Katie Von Schleicher: Bleaksploitation Review

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Katie Von Schleicher: <i>Bleaksploitation</i> Review

Katie Von Schleicher would have been hard-pressed to find a more fitting title for her new album. Bleaksploitation pits gloomy anguish against high drama, and they fight to a draw on seven songs that balance weird with compelling and catchy.

It’s a defiantly lo-fi collection, steeped in reverb and full of gritty atmospherics that veer off from the more straightforward direction Von Schleicher took on her 2012 album, Silent Days. Where many of those songs had a loose-limbed, almost rootsy quality, the tunes on Bleaksploitation are tightly wound and far more intense.

The first thing you hear on the album is Von Schleicher’s voice, pleading as though she’s on the verge of collapsing dramatically into a heap. She sings with wounded bewilderment on the opener, “Baby Don’t Go,” her impassioned vocals cutting through murky guitars and overdriven drums, and it sounds like a vintage girl group playing in the basement of a haunted house. “Ronny” further stretches the limits of the Tascam four-track she used to record the album, with cascades of scabrous, trebly guitar falling around Von Schleicher’s voice, a distant croon set way back in the mix.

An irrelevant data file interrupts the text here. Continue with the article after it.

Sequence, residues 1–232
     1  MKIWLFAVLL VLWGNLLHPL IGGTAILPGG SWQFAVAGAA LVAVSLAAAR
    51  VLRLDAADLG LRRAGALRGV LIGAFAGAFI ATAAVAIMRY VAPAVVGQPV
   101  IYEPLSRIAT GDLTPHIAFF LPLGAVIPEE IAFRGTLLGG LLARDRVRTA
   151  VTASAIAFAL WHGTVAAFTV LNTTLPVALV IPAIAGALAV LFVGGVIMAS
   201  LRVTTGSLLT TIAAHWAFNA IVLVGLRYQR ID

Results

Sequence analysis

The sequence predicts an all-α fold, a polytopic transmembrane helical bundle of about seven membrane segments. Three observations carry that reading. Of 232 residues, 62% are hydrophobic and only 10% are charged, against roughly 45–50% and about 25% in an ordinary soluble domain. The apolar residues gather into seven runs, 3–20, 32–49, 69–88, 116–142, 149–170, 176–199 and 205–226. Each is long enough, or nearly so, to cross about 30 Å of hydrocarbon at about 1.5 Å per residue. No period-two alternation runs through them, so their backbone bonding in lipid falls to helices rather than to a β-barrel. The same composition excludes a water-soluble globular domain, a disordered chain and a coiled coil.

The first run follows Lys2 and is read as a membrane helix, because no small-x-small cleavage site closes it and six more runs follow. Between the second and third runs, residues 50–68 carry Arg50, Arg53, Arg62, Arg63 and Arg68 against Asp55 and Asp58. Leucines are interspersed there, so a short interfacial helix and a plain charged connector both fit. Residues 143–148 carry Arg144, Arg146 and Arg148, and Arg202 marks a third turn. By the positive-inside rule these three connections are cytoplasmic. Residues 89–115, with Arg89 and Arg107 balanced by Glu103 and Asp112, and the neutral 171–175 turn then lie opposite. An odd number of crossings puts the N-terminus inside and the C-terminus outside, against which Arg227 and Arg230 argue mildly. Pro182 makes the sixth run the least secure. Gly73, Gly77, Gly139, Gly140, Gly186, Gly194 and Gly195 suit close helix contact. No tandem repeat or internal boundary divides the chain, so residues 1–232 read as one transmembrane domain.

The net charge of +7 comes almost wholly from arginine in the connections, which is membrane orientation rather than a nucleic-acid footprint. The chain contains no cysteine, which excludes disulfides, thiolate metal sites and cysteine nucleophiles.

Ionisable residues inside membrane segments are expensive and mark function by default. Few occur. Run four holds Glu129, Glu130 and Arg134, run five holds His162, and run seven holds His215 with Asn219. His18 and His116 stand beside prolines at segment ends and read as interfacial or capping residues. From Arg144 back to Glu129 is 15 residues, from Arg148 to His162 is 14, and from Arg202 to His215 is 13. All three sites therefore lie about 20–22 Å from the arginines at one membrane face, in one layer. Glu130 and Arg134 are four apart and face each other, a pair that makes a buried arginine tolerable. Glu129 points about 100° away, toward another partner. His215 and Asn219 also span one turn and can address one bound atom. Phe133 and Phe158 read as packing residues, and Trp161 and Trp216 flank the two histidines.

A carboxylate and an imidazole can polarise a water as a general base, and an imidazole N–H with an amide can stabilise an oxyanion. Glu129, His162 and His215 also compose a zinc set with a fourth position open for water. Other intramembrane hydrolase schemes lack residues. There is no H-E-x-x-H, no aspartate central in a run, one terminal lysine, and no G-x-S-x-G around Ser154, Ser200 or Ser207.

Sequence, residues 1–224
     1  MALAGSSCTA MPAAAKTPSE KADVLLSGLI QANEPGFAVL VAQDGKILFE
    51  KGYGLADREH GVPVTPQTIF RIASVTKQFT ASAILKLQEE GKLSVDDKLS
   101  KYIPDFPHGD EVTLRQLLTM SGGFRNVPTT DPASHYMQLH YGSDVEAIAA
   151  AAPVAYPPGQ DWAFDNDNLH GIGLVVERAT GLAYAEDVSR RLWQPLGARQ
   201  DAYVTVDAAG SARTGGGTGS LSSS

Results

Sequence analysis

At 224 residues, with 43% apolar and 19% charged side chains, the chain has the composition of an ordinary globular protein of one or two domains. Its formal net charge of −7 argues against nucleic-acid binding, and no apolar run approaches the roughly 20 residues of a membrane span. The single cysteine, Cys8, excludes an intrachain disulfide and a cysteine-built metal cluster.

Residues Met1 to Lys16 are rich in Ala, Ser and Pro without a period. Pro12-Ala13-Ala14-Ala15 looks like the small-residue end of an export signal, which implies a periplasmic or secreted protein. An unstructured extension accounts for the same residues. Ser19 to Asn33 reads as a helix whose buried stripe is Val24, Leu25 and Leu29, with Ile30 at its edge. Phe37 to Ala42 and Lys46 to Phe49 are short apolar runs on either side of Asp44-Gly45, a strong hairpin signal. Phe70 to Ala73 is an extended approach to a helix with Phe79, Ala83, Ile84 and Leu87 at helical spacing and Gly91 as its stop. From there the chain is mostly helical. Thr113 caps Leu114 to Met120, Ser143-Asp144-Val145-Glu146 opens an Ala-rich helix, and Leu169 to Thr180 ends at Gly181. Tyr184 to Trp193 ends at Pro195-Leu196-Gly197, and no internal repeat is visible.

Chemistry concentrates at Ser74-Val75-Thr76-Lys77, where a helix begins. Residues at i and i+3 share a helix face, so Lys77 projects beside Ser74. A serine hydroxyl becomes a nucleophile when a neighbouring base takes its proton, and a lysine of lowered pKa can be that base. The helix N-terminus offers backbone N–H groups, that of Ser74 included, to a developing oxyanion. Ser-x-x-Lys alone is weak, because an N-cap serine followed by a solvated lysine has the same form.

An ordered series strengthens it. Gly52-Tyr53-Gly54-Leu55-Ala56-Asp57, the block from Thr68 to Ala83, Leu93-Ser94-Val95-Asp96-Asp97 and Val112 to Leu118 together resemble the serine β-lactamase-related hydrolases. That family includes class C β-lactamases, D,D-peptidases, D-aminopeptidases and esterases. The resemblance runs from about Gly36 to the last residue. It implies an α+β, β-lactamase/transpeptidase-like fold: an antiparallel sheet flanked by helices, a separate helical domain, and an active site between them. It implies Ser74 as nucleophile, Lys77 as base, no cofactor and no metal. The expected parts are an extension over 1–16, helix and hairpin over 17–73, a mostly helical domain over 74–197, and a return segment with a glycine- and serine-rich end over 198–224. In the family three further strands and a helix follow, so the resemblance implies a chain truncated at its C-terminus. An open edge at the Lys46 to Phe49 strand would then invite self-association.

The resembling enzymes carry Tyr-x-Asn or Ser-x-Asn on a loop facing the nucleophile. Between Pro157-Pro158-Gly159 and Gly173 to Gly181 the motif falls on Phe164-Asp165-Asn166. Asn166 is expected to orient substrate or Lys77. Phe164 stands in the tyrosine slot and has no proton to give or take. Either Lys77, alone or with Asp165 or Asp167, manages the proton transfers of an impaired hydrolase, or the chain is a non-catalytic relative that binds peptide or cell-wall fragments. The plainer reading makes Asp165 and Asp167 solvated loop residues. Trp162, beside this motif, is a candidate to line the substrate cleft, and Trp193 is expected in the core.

Though Bleaksploitation doesn’t lack for histrionics, there are plenty of subtler touches, too. Von Schleicher sings over a muted wash of guitar and the thump of a kick drum on “Joanna,” and the song has a meandering, off-handed feel until the music swells up around her like a flash flood pouring through a cracked speaker cone. Then there’s “Denver Tonight,” a little jewel tucked away at the end of the album that builds from grainy guitar and a grit-caked snare-kick drum combo into woozy spirals of melody that circle with the force of a slow-motion tornado.

The song, like the album, finds elegance in claustrophobic emotion, and Von Schleicher stands wreathed in the turbulence as guide and provocateur. The role suits her well.